What if my complaint is severe or my employer isn’t resolving it?
If the claim is particularly severe or upsetting it may not be appropriate to raise a grievance with your employer. This is likely to be true in cases where the company or organisation is small, and the only person available to report sexual harassment to is the perpetrator; or, if your employer is not dealing with it because the accused person is in a senior, influential or powerful position.

If you can show to the employment tribunal that raising a grievance would have been inappropriate, or caused you further detriment, then skipping this step should not affect your claim.

Your employer is obligated to properly investigate any and all grievances that you raise.

Sexual Assault & Rape
Sexual assault and rape are serious crimes. We recommend that you report this to the police on 999. Report this to your employer as soon as possible, so long as you feel it is safe to do so. You do not have to go to work with your assaulter while this is being investigated. Click here for advice and support from NHS England.

I want to take my claim to tribunal
In order to take a claim to tribunal you must first notify ACAS, who may offer you early conciliation to reach a settlement agreement without having to go to the tribunal hearing, this can save you time, stress and costs.

If you refuse early conciliation, or if a settlement cannot be reached, ACAS will give you a certificate, containing a number that you must use to submit your claim to the employment tribunal. You submit your claim using an ET1 Form, it is crucial to fill this form correctly. Our employment solicitors can help you with this, and any part of your dispute.
Click here to read about the employment tribunal process

What are the employment tribunal time limits after being sexually harassed in the workplace?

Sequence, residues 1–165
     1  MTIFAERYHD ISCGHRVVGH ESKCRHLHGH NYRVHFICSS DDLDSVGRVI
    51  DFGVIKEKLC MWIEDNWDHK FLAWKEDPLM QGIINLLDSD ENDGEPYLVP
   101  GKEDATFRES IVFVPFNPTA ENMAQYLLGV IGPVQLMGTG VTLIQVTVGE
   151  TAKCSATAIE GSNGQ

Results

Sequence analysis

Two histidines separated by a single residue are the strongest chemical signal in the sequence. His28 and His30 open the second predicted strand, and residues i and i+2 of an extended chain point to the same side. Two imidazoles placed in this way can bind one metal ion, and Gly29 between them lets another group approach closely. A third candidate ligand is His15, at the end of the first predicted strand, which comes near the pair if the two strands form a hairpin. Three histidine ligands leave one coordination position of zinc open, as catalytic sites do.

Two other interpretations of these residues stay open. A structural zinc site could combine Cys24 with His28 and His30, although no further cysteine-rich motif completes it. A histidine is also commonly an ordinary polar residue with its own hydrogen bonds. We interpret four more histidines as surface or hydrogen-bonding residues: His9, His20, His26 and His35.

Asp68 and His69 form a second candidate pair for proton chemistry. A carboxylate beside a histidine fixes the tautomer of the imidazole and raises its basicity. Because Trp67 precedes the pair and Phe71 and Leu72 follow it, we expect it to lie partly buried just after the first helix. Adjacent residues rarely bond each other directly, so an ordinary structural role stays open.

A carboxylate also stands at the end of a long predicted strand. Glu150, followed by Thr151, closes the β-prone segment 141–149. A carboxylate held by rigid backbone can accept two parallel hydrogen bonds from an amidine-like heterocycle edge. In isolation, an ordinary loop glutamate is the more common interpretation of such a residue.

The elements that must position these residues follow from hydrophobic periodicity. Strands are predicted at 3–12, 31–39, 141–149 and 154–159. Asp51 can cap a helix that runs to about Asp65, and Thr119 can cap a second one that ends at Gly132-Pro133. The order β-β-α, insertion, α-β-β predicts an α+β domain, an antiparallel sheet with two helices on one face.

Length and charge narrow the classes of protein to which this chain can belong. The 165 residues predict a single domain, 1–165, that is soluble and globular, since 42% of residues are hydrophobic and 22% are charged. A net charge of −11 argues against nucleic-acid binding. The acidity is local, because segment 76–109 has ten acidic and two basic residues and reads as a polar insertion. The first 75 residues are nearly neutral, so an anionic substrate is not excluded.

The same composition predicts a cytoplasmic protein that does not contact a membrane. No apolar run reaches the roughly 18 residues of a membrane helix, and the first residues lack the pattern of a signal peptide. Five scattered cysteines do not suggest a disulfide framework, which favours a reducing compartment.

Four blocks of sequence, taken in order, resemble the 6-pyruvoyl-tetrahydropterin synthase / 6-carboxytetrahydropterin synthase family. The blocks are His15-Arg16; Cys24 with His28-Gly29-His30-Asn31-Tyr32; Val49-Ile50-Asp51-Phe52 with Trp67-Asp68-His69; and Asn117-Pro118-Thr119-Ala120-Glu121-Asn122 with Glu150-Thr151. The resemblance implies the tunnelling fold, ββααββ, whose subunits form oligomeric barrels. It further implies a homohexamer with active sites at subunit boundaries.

ACAS should be informed within 3 months of the incident that you intend to make an Employment Tribunal claim except for in very specific exemptions.
Some issues are not covered by employment law until after 2 years of continuous service. However, The Equality Act 2010 protects against discrimination and harassment throughout your employment, including the recruitment process.

Frequently Asked Questions
You are protected from harassment based on any protected characteristic by The Equality Act 2010. This includes all Sexual Harassment. If the harassment is not linked to any protected charactertic, it is classed as bullying for legal purposes.
Harassment is a type of direct discrimination. It is any unwanted behaviour linked to your protected characteristic that violates your dignity or creates an unpleasant working environment for you.
If someone’s behaviour offends you, makes you feel uncomfortable, distressed or intimidated it may be harassment. This could include: abusive comments, derogatory jokes, insulting gestures, mocking facial expressions or offensive comments on social media.

Have you been subject to sexual harassment at work?
There is much more to winning your case than simply being in the right, our specialist employment solicitors know all the laws and tactics, to make sure you get the best chance at a fair settlement. Get in contact with us and see how we can help.

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This content is provided free of charge for information purposes only. It does not constitute legal advice and should not be relied on as such. No responsibility for the accuracy and/or correctness of the information and commentary set out in the article, or for any consequences of relying on it, is assumed or accepted by any member of our company. For employment law advice please get in contact and speak to your employment law solicitors.